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Her book is finished—Any Child Can Swim—and now, if a publisher is interested, Eleanor Holm is ready to talk terms. The champagne-imbibing Olympic swimmer of the early '30s is back from an all-bases-covered trip to Europe ("I even took a look at the Tower of Pisa"). She paddles 50 laps a day in her Miami Beach apartment house pool, and she's studying golf under the pro who taught Jack Nicklaus a thing or two, Jack Grout. "So far I'm not too apt," said Eleanor. "In fact, I'm lousy at the game. I can't hit my hat."

He has a Rolls-Royce and "some other cars," but for fundamental locomotion nothing suits Britain's Sir Ralph Richardson better than his 750-cc. Norton motorcycle—the one he had out for a blurring tear with his wife and dog aboard. There's that strange excitement to be had that you find nowhere else, said the 62-year-old actor. "As in skiing, you have to will yourself round the corners."

There stood Australia's Herb Elliott (below) like a horse being fitted to harness. And, while the country's television audience looked on aghast, technicians in white coats attached the end of a giant roll of paper tape to a contraption around Elliott's waist and fussed with a bank of ball-point pens poised to write lines as the tape unrolled. Then, on a signal, his spiked running shoes bit into the seaside sand, and the man who holds the 1,500-meter world record headed down the beach with the paper tailing along behind. And what did it all prove? That the BiC ballpoint pen, when some others had gone bone dry, kept on "writing, writing, writing," and that Herb Elliott had a good idea where his next $1,300 was coming from.

The idea of the movie, see, is that Jack Lemmon is this TV cameraman who's assigned to cover the Cleveland Browns-Minnesota Vikings football game, and while he's aiming his camera a certain Cleveland halfback, Boom-Boom Jackson, knocks him range finder over teakettle—so he sues Boom-Boom, the Browns and, for good measure, the city of Cleveland, too. The real Browns were paid $150 apiece the other day to play make-believe football for the film sequence, and Art Model), who owns them and ought to know, watched and said sadly: "That's the best they've blocked all year."

The squabble out on the Miami sidewalk was between English-speaking police and a Spanish-speaking bar patron, so Pedro Ramos, a New York Yankee relief pitcher who is accustomed to rushing to the rescue, suddenly found himself interposed in the midst of things as a volunteer interpreter. Trouble was, one of the cops didn't want a volunteer interpreter and felt obliged to arrest Ramos for disturbing his peace. The charge didn't hold up in court, but it left Ramos more shaken than if he had walked in the winning run.

A sports program for 2,100 mentally retarded children in Boston public schools was off to a happy start as Eunice Shriver donated $15,000 from the Kennedy Foundation. "My sister Rosemary Kennedy, although retarded, could swim as well as the rest of us," said Mrs. Shriver, "and she was good at sailing and dancing. Her physical abilities formed a basis for a closer family relationship." Trusting that similar physical accomplishments may be developed in other children, the foundation will begin by providing phonographs and marching records, jump ropes, beanbags, quoits and bowling sets.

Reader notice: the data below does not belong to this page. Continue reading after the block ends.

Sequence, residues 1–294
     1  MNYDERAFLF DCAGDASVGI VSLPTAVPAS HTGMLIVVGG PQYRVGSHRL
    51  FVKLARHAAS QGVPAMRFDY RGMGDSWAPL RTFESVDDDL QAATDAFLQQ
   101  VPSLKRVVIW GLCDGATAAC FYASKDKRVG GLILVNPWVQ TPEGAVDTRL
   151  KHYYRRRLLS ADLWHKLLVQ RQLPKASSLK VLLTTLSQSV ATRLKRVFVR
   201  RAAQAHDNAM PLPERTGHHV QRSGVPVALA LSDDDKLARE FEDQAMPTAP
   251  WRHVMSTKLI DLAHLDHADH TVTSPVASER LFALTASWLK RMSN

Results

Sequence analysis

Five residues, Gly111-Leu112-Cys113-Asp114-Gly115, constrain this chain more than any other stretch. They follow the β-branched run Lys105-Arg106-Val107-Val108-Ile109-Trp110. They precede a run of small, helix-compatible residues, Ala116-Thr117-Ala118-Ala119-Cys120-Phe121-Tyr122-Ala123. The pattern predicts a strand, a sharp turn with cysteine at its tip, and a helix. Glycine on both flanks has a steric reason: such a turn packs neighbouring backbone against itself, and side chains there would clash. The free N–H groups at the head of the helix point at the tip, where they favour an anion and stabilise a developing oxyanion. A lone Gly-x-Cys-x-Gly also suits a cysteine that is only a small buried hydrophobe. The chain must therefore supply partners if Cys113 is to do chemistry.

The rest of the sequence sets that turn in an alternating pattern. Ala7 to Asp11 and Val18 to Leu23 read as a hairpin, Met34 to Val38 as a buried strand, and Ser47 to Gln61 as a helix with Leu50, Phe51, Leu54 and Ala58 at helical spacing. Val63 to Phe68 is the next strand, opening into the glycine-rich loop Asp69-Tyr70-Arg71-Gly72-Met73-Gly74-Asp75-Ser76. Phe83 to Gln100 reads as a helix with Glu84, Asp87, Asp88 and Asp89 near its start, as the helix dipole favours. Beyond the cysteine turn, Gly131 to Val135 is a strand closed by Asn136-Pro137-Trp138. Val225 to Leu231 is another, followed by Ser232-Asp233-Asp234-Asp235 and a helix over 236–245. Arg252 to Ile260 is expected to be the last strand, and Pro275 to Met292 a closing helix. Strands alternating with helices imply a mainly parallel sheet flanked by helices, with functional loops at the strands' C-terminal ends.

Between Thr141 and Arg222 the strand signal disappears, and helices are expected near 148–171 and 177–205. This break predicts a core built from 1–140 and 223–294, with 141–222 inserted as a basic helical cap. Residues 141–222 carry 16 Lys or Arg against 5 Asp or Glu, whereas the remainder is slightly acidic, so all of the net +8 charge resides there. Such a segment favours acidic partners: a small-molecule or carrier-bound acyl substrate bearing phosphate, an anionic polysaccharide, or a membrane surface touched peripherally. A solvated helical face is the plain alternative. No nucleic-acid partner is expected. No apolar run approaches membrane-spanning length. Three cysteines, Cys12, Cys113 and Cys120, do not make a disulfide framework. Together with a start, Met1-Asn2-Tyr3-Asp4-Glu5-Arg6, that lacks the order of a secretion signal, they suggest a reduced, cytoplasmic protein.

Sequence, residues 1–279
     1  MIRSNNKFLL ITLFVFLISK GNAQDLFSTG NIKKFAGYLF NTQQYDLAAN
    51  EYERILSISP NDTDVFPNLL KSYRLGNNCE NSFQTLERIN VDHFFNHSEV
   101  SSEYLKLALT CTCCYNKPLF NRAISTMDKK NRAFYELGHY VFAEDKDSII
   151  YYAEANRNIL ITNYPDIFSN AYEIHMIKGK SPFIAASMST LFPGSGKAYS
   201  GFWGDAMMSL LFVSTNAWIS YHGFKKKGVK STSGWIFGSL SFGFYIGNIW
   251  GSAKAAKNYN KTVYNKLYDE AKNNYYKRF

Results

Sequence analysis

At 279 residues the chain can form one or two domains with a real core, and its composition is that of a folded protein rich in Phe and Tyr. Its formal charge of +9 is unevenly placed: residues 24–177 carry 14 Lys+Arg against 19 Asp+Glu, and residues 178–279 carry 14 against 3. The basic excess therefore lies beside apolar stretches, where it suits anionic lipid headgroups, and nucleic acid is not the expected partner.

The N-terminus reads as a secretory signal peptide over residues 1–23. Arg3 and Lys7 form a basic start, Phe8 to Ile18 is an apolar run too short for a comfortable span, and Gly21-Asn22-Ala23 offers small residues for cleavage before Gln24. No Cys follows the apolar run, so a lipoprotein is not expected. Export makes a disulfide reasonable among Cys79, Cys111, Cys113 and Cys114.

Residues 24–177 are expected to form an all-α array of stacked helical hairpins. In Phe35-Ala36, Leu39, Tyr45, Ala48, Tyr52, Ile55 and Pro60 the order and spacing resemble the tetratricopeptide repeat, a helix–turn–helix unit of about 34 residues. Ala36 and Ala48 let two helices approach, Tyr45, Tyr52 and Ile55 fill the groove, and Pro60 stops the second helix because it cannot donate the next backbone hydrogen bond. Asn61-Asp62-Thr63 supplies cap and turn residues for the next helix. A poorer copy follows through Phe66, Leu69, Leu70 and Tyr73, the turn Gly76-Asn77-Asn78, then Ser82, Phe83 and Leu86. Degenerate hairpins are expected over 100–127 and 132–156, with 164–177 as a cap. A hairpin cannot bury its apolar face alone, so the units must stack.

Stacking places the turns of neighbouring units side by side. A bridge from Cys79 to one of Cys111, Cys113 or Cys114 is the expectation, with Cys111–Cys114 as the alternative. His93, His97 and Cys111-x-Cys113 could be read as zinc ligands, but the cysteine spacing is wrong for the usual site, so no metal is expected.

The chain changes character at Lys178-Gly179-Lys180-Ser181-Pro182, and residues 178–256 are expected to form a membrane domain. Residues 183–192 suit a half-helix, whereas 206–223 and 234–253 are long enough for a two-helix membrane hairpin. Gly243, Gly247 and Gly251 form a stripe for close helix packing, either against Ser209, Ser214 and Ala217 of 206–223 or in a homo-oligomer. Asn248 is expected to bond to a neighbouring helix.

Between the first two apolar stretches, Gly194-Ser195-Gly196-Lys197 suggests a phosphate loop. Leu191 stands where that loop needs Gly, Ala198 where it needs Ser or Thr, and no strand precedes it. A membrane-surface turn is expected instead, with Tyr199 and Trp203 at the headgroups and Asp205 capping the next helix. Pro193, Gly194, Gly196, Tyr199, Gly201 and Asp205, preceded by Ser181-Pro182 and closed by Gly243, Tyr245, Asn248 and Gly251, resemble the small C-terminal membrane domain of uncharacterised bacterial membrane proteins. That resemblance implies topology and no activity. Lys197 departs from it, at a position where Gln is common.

What he liked about it was the excitement, said the dashing old air commando, Colonel Philip G. Cochran, who swooped into prominence during World War II in North African skies (and, as Flip Corkin of Terry and the Pirates, in the funny papers of the same era). Now that he had given the matter 10 years of careful study, he meant to go into Thoroughbred racing in a big-time way. Accordingly, four brood mares and four horses would be moved from the colonel's place in Erie, Pa. to a new breeding farm in Ocala, Fla. But Cochran said he would stay with the trucking business in Erie. How, then, asked the cub reporter, could he keep an eye on things in Ocala? "Remember," said the silver-haired hero, "there are such things as airplanes."

Everybody keeps wondering: just how good is Sandy Koufax? "He's as good as Elvis Presley," says Hank Saperstein, the nation's foremost name merchandiser. A name merchandiser is someone who makes big heroes even bigger by spreading their names around (on things like cap guns and girdles), and while Saperstein thinks highly of such other classy clients as Wyatt Earp and Debbie Reynolds, he thinks Koufax is in the "superhero" class. "It's chemistry," says Hank. "He's a bachelor and he's handsome, so women dig him. He's a great athlete, so men dig him. He's quiet and confident, but not boastful, so kids dig him." Saperstein, who can foresee total sales ranging up to $25 million a year in Koufax apparel. Koufax foods, Koufax shaving lotion and Koufax bank savings accounts, digs him the most.

There was never doubt that Rocky Marciano was a heavyweight through and through, nor, judging from the Henry VIII breakfast clutter in his London hotel suite (below), that he would go on that way for some time to come. The former champion was in England as a guest of the Anglo-American Sporting Club, which fancies banquet prizefights in hotel ballrooms. Rocky, after taking in one of these fistic feasts, observed pleasantly, if pointedly, of the classic English stance: "Your boxers have style—plenty of sty le—but they're all the same. They're not natural."